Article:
Vagrant has a concept of provisioners. Simply put, a provisioner executes your programs after booting up the guest for the first time. Shell provisioner executes your shell script and Ansible provisioner executes your playbook. There are other provisioners available. Let's make a small excercise of installing Apache.

  config.vm.provision "shell", path: "script.sh"

Create the file script.sh in the same directory as Vagrantfile and add the following contents:

#!/bin/bash
apt install apache2 -y

When you run vagrant up for the first time, the provisioners are executed. If you modify the Vagrant file later you have to run the provisioner manually.

Here's the complete example with provisioner to install apache2

#!/bin/bash
apt install apache2 -y

Here's the complete Vagrantfile :

# -*- mode: ruby -*-
# vi: set ft=ruby :

Vagrant.configure("2") do |config|
  config.vm.box = "generic/ubuntu1804"
  config.vm.hostname = "mycoolguestubuntu.example.com"
  config.vm.post_up_message = "Happy development"

  config.vm.network "private_network", ip: "192.168.12.12"
  config.vm.provision "shell", path: "script.sh"

  config.vm.provider "libvirt" do |lvt, override|
    override.vm.synced_folder ".", "/vagrant", type: "sshfs"
    lvt.qemu_use_session = false
  end

end

Execute the Ansible provisioner manually:

vagrant up --provision

When you logon to the guest, you will see that Apache is installed. It is a good idea to use idempotent scripts in provisioners. Idempotent meaning, the script should not change the state of the machine if it is executed again. In our example, when the provisioner is executed for the first time, the apache2 package will be installed. If the provisioner is executed again, apt will see that the package is already installed and there is no need to install it again and hence no action will be taken. You should be aware of this when you are doing thing such as writing to a file. Be aware that when the provisioner is executed a second time, your script might be writing to the file the second time. In such cases, you probably want to write to file conditionally.

Provisioning: Ansible

Vagrant also has a built-in Ansible provisioner. There are two ways to run the Ansible playbook:

  1. Using the Ansible executable on the host
  2. Installing and using the Ansible executable on the guest.

Let's make a small example to install the package htop

# -*- mode: ruby -*-
# vi: set ft=ruby :

Vagrant.configure("2") do |config|
  config.vm.box = "generic/ubuntu1804"
  config.vm.hostname = "mycoolguestubuntu.example.com"
  config.vm.post_up_message = "Happy development"

  config.vm.network "private_network", ip: "192.168.12.12"
  config.vm.provision "shell", path: "script.sh"

  config.vm.provision "ansible" do |ansible|
    ansible.playbook = "playbook.yml"
  end

  config.vm.provider "libvirt" do |lvt, override|
    override.vm.synced_folder ".", "/vagrant", type: "sshfs"
    lvt.qemu_use_session = false
  end

Run the provisioner again and see if the package htop is installed.

Networking

Vagrant allows you to assign static IP addresses to the guest. This is accomplished by adding one line of definition in Vagrantfile.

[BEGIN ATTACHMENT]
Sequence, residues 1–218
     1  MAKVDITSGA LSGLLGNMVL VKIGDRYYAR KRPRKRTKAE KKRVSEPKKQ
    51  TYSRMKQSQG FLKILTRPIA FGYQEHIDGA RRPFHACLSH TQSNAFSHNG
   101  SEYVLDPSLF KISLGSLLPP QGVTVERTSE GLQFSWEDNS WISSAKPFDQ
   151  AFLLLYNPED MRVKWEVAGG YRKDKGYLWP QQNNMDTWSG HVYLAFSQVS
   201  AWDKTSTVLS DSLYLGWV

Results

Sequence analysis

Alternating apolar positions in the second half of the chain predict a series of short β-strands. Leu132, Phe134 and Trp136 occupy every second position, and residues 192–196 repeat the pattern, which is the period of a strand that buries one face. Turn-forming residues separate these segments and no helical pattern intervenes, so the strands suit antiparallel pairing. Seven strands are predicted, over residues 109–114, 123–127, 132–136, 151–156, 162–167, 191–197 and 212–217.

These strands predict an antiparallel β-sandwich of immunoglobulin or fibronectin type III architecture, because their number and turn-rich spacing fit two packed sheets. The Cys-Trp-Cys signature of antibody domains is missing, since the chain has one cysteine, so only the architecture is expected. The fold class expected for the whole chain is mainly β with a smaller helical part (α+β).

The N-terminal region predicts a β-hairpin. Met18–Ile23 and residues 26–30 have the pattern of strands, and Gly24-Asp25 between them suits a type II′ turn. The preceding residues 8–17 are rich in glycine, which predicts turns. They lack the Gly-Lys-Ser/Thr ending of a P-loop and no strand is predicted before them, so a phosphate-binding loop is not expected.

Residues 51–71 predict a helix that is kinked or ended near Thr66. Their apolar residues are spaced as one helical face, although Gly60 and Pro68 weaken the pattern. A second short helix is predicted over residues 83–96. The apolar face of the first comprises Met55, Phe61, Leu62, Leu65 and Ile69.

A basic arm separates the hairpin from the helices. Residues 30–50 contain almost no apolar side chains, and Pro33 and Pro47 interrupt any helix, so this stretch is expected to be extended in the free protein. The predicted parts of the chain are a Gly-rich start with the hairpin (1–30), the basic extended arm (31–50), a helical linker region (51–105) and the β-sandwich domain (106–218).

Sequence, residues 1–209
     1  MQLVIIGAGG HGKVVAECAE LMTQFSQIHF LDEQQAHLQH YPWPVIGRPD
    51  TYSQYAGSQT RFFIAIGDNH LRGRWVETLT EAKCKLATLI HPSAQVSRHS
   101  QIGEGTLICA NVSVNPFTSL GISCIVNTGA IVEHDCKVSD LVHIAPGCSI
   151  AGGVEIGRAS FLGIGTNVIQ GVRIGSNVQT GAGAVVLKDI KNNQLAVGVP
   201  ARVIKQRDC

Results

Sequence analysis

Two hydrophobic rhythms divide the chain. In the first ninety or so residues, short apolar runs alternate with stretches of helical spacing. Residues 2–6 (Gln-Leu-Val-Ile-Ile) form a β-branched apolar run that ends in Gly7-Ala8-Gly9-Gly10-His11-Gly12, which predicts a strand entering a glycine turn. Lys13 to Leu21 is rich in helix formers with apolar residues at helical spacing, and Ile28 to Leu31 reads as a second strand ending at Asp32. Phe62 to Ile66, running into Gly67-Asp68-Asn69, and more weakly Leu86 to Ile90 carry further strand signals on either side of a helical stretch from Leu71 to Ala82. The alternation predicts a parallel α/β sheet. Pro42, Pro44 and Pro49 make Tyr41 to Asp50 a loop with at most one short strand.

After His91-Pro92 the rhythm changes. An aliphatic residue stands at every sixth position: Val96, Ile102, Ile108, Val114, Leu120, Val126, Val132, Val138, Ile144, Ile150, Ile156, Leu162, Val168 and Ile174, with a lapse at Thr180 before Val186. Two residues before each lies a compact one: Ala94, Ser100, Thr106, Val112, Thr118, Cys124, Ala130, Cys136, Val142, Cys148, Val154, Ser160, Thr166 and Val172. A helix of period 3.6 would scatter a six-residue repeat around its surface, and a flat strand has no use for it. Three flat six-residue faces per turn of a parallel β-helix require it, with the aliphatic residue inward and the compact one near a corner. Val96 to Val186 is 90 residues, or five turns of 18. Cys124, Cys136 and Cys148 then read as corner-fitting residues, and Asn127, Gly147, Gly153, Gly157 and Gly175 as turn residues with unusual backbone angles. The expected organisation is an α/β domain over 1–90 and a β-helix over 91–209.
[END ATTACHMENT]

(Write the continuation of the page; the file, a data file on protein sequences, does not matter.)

config.vm.network "private_network", ip: "192.168.12.12"

There are couple caveats here. If you are using, libvirt, set the qemu_use_session to false. The second caveat is, don't assign the IP address x.x.x.1 to the guest. x.x.x.1 is typically reserved for gateways. Our Ubuntu example looks like this after adding networking:

# -*- mode: ruby -*-
# vi: set ft=ruby :

Vagrant.configure("2") do |config|
  config.vm.box = "generic/ubuntu1804"
  config.vm.hostname = "mycoolguestubuntu.example.com"
  config.vm.post_up_message = "Happy development"

  config.vm.network "private_network", ip: "192.168.12.12"

  config.vm.provider "libvirt" do |lvt, override|
    override.vm.synced_folder ".", "/vagrant", type: "sshfs"
    lvt.qemu_use_session = false
  end

end

Inserting Your SSH Public Key To The Guest

You can ssh on to the guest machine by executing vagrant ssh. But what if you want to ssh on to the guest directly using the ssh client? Using the shell provisioner you can insert your SSH public key. Here's an example:

# -*- mode: ruby -*-
# vi: set ft=ruby :

Vagrant.configure("2") do |config|
  config.vm.box = "generic/ubuntu1804"
  config.vm.hostname = "mycoolguestubuntu.example.com"
  config.vm.post_up_message = "Happy development"

  config.vm.network "private_network", ip: "192.168.12.12"
  config.vm.provision "shell", path: "script.sh"

  config.ssh.insert_key=false
  config.ssh.private_key_path = ['~/.vagrant.d/insecure_private_key', '~/.ssh/id_rsa']
  config.vm.provision "file", source: "~/.ssh/id_rsa.pub", destination: "~/.ssh/authorized_keys" 

  config.vm.provision "ansible" do |ansible|
    ansible.playbook = "playbook.yml"
  end

  config.vm.provider "libvirt" do |lvt, override|
    override.vm.synced_folder ".", "/vagrant", type: "sshfs"
    lvt.qemu_use_session = false
  end

end

We are using three configuration lines to accomplish our goal. Firstly, we instruct Vagrant to not insert the keypair. This will result in Vagrant utilizing the default insecure key. Secondly, we are passing a list of SSH private key file paths to be used to ssh onto the guest machine. Vagrant uses the default insecure key to bootstrap the machine. Thirdly, we instruct Vagrant to copy the file ~/.ssh/id_rsa.pub on the host to the guest path ~/.ssh/authorized_keys. At this point, Vagrant guest uses allows only our secure private key for SSH authentication.

Now you can use ssh using your private key like:

ssh vagrant@192.168.12.12

The default way of sshing on to the guest also works:

vagrant ssh

Hopefully, you will use this knowledge to build and maintain development and testing environments and share them with others.

Tags: vagrant virtualization libvirt libvirtd linux centos ubuntu portable development environment development environment networking network ssh